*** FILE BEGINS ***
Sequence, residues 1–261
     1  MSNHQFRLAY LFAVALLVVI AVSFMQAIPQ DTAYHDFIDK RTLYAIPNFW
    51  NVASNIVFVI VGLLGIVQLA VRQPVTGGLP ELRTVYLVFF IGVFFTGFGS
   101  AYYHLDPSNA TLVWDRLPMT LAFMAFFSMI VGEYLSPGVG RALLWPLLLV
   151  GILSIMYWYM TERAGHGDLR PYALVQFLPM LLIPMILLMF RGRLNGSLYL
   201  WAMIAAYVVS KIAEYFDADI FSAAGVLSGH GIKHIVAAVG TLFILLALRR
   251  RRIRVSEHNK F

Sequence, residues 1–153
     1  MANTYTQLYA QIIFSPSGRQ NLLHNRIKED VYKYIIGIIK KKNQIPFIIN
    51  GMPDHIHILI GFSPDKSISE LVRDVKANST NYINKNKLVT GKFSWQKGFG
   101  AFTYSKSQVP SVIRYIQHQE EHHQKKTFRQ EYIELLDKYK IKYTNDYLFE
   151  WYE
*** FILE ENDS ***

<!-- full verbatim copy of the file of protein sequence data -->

Sequence, residues 1–261
     1  MSNHQFRLAY LFAVALLVVI AVSFMQAIPQ DTAYHDFIDK RTLYAIPNFW
    51  NVASNIVFVI VGLLGIVQLA VRQPVTGGLP ELRTVYLVFF IGVFFTGFGS
   101  AYYHLDPSNA TLVWDRLPMT LAFMAFFSMI VGEYLSPGVG RALLWPLLLV
   151  GILSIMYWYM TERAGHGDLR PYALVQFLPM LLIPMILLMF RGRLNGSLYL
   201  WAMIAAYVVS KIAEYFDADI FSAAGVLSGH GIKHIVAAVG TLFILLALRR
   251  RRIRVSEHNK F

Sequence, residues 1–153
     1  MANTYTQLYA QIIFSPSGRQ NLLHNRIKED VYKYIIGIIK KKNQIPFIIN
    51  GMPDHIHILI GFSPDKSISE LVRDVKANST NYINKNKLVT GKFSWQKGFG
   101  AFTYSKSQVP SVIRYIQHQE EHHQKKTFRQ EYIELLDKYK IKYTNDYLFE
   151  WYE